I am currently half-way through book three, which will be the last of the series set in Alice Springs. This novel, with the working title of Picture This, features Melissa Gilbert, who was a rather unlikeable character in book one, The Red Heart. Getting to know Melissa has been a challenge and I really had to delve into her backstory in order to understand what motivated her to behave the way she did.

Living in an apartment now instead of a large house with all the gardening and maintenance issues has made writing a little easier in that I now have more time for it. I live quite close to my day job and so have time for a short period of writing in the morning, or at least thinking about the plot lines and where it is taking the story. Perhaps when I have finished the current series, the next book will be set in a bustling metropolis as an interesting contrast.

Sunrise over East Melbourne

View from my balcony at sunrise

Happy to make connections with any other lone writers in Melbourne.

Sunstone Success

Time for a few puffed feathers. Earlier this year, I submitted an entry for the RWA Little Gems competition.  This is a short story competition of maximum 3000 words, and it must feature the gemstone that is nominated for that year.  This year’s stone was Sunstone.

Yes, I know – I hadn’t heard of it either and had to do some research.

Sunstone – Wikipedia, the free encyclopedia

Sunstone is a plagioclase feldspar, which when viewed from certain directions exhibits a spangled appearance. It has been found in Southern Norway, Sweden and in various United States localities.

Crystal system‎: ‎Triclinic
Color‎: ‎Colorless, yellow, red, green, blue, and ..
Although Wikipedia refers to various colours, all the images depict a tangerine coloured stone.   Google it and you will see what I mean.
I thought that I might as well try my luck and the story came together quickly – a light and amusing romance tale, suitable for reading over a Sunday morning coffee.  To my delight, my story was selected as being one of the finalists and was included in the anthology of fourteen stories.
Each entry is assessed by three different judges and the comments and scores are forwarded to each entrant after the judging process is complete.  That was most valuable and I picked up some useful pointers on writing style. Also of interest was the fact that a feature one judge commented on as pleasing, another judge found to be a point of criticism so you can’t always please everyone.
The anthology was released at the recent RWA Conference that was held in Adelaide.  Now that I have had a taste of the competitions, I might submit entries in other categories next year, even if just to get the feedback.
 Sunstone Front Sunstone-Back

 

Congratulations to the other entrants and of course to Sheridan Kent who designed the cover.  The book is available at the RWA website.

 

On the downhill run

It has been slow progress but today I have started the last chapter of book 2.  The working title is ‘On My Wavelength’ with reference to the radio station that features in the book but this may change once I sit down and read the manuscript in its entirety. The problem is, when you take so long to write a book, you forget the finer detail of what you wrote in the beginning. I have resisted re-reading at this stage though as I know that I would get side-tracked with editing and re-writing and instead I want to focus on the final page.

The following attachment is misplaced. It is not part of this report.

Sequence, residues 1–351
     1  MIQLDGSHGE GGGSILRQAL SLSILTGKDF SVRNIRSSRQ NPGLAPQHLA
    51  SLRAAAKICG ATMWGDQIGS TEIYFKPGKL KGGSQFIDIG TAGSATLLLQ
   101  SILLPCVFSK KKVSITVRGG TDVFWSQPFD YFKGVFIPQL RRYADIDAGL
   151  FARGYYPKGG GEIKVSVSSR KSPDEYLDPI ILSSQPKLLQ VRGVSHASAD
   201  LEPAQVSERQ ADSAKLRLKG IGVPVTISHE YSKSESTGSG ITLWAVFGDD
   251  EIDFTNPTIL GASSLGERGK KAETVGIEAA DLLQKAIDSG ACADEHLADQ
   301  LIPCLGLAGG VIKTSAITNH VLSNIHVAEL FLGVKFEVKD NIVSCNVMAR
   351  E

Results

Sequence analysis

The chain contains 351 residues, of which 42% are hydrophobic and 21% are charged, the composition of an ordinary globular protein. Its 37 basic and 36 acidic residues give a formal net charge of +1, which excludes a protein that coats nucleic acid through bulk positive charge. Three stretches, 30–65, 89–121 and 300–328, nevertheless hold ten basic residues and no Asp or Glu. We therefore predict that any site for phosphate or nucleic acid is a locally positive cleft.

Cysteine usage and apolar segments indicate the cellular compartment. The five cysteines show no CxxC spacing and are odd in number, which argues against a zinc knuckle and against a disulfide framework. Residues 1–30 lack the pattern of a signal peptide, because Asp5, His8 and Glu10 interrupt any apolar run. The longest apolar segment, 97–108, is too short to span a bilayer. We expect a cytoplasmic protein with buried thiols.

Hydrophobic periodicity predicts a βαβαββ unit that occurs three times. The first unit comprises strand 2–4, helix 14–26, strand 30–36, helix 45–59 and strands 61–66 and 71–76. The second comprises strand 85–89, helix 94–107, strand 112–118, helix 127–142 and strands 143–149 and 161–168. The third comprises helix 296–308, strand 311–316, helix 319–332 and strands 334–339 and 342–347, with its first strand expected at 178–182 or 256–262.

Significant parts of my plotting for this novel have taken place in a local coffee shop. I tend to go for a lengthy walk on Sunday mornings and of course this takes in a coffee shop as well. I find that away from the distractions of home, I can get quite a bit done in the way of character analysis and plotting. I may write the first page or so as well, getting far enough into the chapter for the story to then take over. I find that handwriting helps the creativity as well.

coffee,-tea,-hot-drink

There will be a third book in this series, but at this stage I only know who the central characters will be. I have no idea as yet on the direction of their particular journey or what will happen along the way.

This year’s conference of the Romance Writers’ of Australia is taking place in just under a month and as I intend pitching this novel to a couple of publishers, I need to have it finished and polished by then. It’s a good incentive. Time for another coffee to keep me going.

 

How many kilos per thousand words?

My recent visit to the writer’s conference in Melbourne fired up my enthusiasm for getting stuck into book two, which is a sequel to The Red Heart.  This has been helped a bit by the fact that my last position was made redundant, freeing me up to write through the day. This has been both good and bad, as I will explain.

I have no idea what this book will be called, but as it focusses on Sarah, who was Kathy’s best friend in The Red Heart, that is what the draft is currently called.  I’m hoping that inspiration for a truly appropriate name will strike when more of the plot is in place. So far, I am only about twenty one thousand words in. Some sections flow freely and my fingers fly over the keyboard, or else pen scribbles over the paper if that is the mode that I have chosen. At other times though, I stare at the half-filled page, wondering what on earth was in the character’s mind when he/she said or did that and just what exactly are they going to do next?

Sigh. Perhaps I’ll have a cup of coffee.  I wander out to the kitchen. Now that I’m  here, perhaps I’m feeling a little nibbly. Why don’t I have any biscuits? Perhaps some crackers? Cheese?  A few almonds? Before long I am rummaging through the pantry cupboard and the fridge. Just as well I don’t keep chocolate in the house. It wouldn’t last long. As is, I scoff whatever I can find.